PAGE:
The best explanation of the difference I could offer was to suggest that if David had been alive today, he would have been a blogger. I don’t read a lot of blogs but many of the ones I do seem to be focused in the writer’s response to their life and the realities they see and experience. Certainly there are the factual blogs, the history blogs, the informative blogs—but there are also a uncounted number of blogs that deal with the writer’s feelings and responses. Even this blog has a strong element of that, although I will never be accused of being a poet.

David used his poetry to help himself deal with his life—and given that his life had a significant number of highs and lows, he had a lot to deal with. In his day, his audience would have been limited to people in the royal court and the temple. But somehow, through the grace of God, some of his poetry was recorded and made available not just to the people of his day but also to people of all time. David probably holds the record for the all time highest number of views—and likes, for that matter.

While it is interesting to speculate how well David would have done as a 21st century blogger, there is no need to actually speculate on his ability to connect with people. His words, written over 2500 years ago in a small, somewhat backwater country in a language that most of us don’t speak manage to cut across time, language and culture and touch something within us that shouts that he got it—he understands. We read his blog, we are touched by the words and ideas and emotions, we react—and most of the time, we are helped. The poetry from the past enables us to deal better with our life in this very different present. And, given the track record, if the world lasts another 2500 years, or 25,000 or 250,000 more years, people are still going to read the Psalms and be touched and changed and helped.

That is pretty good for a 2500+ year old poet who was just trying to make sense of his life using his propensity towards poetry. Most of the rest of us: bloggers, preachers, writers, even poets can only dream of writing something so significant.

May the peace of God be with you.

THE OTHER SIDE

I need some surgery sometime in the near future. While it is fairly serious surgery, it is important because it will prevent even more serious stuff down the road. After thought and prayer and some consultation, it just makes sense to me to go ahead with the process.

However, committing to that process also commits me to another process, one that I am normally involved with on the other side. I need to inform and involve my church people. Normally, I am the one church people inform and involve—they want my prayers, my pastoral concern, my connection with God. I am happy to be involved in their process. My giftedness, my calling and my temperament enables me to support them and do what I can to help them through the process. Most of the people I have provided pastoral care for through their process have seemed to be appreciative.

But approaching the whole thing from the other side—well, that is and has been and will be a huge shift for me. I haven’t actually had to deal with medical issues in my ministry. The only time I have been hospitalized was for kidney stones and that occurred between public ministry activities and so I didn’t miss anything. For this surgery, I will be out for at least a month, which means that I have to tell people so they can make arrangements.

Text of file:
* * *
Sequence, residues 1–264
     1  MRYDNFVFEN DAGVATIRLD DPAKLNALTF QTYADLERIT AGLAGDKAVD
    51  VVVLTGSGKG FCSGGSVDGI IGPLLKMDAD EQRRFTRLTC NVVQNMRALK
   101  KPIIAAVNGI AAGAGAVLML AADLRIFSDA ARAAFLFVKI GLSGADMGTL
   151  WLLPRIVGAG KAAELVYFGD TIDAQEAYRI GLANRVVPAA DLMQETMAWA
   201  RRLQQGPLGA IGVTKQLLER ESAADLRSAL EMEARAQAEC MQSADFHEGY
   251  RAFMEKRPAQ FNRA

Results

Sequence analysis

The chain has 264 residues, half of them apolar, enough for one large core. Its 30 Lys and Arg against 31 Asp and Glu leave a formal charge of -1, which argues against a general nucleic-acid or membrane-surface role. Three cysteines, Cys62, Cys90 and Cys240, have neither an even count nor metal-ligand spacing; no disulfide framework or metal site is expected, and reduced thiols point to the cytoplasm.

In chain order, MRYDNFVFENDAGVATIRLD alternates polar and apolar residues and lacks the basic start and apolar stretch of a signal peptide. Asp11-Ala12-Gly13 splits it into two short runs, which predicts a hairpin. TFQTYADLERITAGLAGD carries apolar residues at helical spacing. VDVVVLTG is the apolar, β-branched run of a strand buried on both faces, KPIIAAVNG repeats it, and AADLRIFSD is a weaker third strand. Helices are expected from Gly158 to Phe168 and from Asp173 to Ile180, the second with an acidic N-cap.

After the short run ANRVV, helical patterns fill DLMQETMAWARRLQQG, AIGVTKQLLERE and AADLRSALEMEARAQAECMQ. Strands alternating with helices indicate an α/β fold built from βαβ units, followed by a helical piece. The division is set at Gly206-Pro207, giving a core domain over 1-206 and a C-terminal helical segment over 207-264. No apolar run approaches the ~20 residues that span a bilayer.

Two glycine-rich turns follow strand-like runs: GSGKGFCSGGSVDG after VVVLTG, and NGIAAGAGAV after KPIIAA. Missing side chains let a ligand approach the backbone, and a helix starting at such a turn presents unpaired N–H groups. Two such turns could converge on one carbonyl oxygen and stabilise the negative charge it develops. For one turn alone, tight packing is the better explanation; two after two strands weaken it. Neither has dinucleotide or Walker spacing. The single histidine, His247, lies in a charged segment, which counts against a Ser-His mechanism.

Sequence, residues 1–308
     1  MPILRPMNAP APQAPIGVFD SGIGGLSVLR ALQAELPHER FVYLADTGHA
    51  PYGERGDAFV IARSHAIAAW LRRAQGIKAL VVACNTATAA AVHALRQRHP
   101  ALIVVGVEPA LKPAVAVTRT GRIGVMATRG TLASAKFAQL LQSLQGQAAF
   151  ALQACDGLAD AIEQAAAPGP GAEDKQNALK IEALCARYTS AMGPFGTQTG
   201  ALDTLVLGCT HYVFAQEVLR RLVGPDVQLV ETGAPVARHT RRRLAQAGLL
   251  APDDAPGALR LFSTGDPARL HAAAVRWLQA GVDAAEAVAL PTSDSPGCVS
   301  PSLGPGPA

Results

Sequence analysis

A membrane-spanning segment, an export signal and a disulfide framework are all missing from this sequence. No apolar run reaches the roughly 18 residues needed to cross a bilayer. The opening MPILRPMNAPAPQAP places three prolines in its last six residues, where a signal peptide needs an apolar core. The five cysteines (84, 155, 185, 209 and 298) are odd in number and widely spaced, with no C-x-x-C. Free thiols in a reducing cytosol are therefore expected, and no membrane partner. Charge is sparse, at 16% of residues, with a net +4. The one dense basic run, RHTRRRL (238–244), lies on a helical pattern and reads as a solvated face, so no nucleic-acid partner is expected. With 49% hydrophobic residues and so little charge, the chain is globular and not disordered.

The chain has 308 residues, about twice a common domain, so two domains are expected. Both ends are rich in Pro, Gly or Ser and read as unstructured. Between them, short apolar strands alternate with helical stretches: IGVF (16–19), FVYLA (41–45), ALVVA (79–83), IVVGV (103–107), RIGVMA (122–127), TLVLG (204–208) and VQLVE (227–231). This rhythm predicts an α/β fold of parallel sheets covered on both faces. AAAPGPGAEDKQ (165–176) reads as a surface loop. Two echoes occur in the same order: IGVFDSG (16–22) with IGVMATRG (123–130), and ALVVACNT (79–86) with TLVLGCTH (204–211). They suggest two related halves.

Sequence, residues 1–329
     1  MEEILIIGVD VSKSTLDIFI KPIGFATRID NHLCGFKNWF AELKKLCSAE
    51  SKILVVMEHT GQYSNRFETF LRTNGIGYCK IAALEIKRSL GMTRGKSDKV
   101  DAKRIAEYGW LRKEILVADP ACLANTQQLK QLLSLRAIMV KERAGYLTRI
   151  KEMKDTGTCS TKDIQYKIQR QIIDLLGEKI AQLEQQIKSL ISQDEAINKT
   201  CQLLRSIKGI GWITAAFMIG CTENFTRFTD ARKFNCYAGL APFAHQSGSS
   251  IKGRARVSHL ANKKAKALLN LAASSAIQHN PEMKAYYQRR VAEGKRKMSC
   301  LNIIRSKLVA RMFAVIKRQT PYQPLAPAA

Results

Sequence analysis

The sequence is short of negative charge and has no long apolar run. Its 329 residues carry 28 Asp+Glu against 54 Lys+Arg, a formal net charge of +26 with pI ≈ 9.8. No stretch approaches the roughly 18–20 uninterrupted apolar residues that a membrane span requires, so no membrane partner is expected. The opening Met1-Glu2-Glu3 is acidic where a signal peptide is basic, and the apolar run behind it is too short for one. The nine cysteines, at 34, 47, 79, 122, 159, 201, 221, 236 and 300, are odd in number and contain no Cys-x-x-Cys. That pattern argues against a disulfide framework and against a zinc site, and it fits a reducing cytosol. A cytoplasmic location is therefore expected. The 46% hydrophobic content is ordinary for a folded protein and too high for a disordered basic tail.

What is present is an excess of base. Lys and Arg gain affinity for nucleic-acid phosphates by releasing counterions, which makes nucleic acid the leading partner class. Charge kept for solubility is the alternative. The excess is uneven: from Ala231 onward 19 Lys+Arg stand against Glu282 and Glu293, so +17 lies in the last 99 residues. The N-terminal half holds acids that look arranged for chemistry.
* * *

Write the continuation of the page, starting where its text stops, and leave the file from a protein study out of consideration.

My introverted inclination was to simply forget about telling people and have my wife call the deacons the day of surgery and tell them I won’t be there for a while. Aside from the fact that my wife simply wouldn’t assist my fantasy, that really wouldn’t be a very good way to deal with things.

I teach, preach and encourage Christian community and sharing. I seek to have people involved with each other as an expression of their faith. I want people to know that faith needs to involve us with other people so that we can both give and receive the love and grace of God through each other. For me to follow my introverted fantasy process would be hypocritical at best and ministry destroying at worst.

So, pushing the all too tempting fantasy out of my mind, I set about informing people. I had a meeting scheduled with the church leadership before I knew about the surgery so that became the first place to announce what was coming. I didn’t swear them to secrecy and released them to tell others in the church what was coming. I think I was secretly hoping that the message would quickly travel through the church the way most things do.

That didn’t happen, or it didn’t happen the way I wanted or as fast as I wanted. I faced a congregation on Sunday made up of people who knew and people who didn’t. Since the surgery is coming soon but not that soon, I chose not to make an announcement from the pulpit—that will come when I know dates and so on. But I did find myself telling individuals as the opportunity arose during the potluck that followed the worship.

I have spent most of my life on the other side of this part of ministry and now I have to learn how to receive what I have been giving. I could continue the role of pastor and say that it is good for the church to learn how to minister to the pastor—and that is a good thing. But the deeper reality is that I need to learn more about how to be ministered to. I haven’t done that well over the years. Being an introvert means that I tend to keep to myself and be somewhat self-sufficient. I have had times when others have ministered to me and they have been very important and valuable—but overall, I am much more comfortable providing the ministry.

So, the coming surgery will not only take care of a medical problem but will be another step in the more significant learning process that is helping an introvert who encourages community to experience the fullness of Christian community. I really do want and value the prayers and concerns and support of my Christian community—I just don’t like telling people that I need their prayers and concerns and support. Like all of us, I have a lot to learn about the fullness of my faith.

May the peace of God be with you.